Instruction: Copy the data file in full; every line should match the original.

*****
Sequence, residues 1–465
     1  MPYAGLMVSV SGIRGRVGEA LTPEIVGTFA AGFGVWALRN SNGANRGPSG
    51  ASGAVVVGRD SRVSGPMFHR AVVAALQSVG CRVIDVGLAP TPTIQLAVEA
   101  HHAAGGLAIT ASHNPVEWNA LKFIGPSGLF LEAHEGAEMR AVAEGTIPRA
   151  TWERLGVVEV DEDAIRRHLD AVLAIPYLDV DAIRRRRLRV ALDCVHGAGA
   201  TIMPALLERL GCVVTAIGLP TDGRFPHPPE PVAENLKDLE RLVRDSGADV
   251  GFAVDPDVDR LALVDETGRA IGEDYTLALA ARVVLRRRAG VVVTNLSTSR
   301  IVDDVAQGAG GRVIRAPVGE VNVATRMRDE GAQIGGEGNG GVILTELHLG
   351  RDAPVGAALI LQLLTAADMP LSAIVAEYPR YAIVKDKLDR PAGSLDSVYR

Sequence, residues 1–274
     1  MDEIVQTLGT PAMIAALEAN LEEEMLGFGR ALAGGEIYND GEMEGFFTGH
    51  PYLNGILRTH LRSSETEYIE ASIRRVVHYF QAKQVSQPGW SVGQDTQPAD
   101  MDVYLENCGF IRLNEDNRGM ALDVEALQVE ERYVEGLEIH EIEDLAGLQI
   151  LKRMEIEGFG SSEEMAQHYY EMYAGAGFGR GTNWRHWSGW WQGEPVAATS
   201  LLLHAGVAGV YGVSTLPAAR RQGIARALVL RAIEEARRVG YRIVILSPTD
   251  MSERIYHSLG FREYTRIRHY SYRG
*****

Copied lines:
Sequence, residues 1–465
     1  MPYAGLMVSV SGIRGRVGEA LTPEIVGTFA AGFGVWALRN SNGANRGPSG
    51  ASGAVVVGRD SRVSGPMFHR AVVAALQSVG CRVIDVGLAP TPTIQLAVEA
   101  HHAAGGLAIT ASHNPVEWNA LKFIGPSGLF LEAHEGAEMR AVAEGTIPRA
   151  TWERLGVVEV DEDAIRRHLD AVLAIPYLDV DAIRRRRLRV ALDCVHGAGA
   201  TIMPALLERL GCVVTAIGLP TDGRFPHPPE PVAENLKDLE RLVRDSGADV
   251  GFAVDPDVDR LALVDETGRA IGEDYTLALA ARVVLRRRAG VVVTNLSTSR
   301  IVDDVAQGAG GRVIRAPVGE VNVATRMRDE GAQIGGEGNG GVILTELHLG
   351  RDAPVGAALI LQLLTAADMP LSAIVAEYPR YAIVKDKLDR PAGSLDSVYR

Sequence, residues 1–274
     1  MDEIVQTLGT PAMIAALEAN LEEEMLGFGR ALAGGEIYND GEMEGFFTGH
    51  PYLNGILRTH LRSSETEYIE ASIRRVVHYF QAKQVSQPGW SVGQDTQPAD
   101  MDVYLENCGF IRLNEDNRGM ALDVEALQVE ERYVEGLEIH EIEDLAGLQI
   151  LKRMEIEGFG SSEEMAQHYY EMYAGAGFGR GTNWRHWSGW WQGEPVAATS
   201  LLLHAGVAGV YGVSTLPAAR RQGIARALVL RAIEEARRVG YRIVILSPTD
   251  MSERIYHSLG FREYTRIRHY SYRG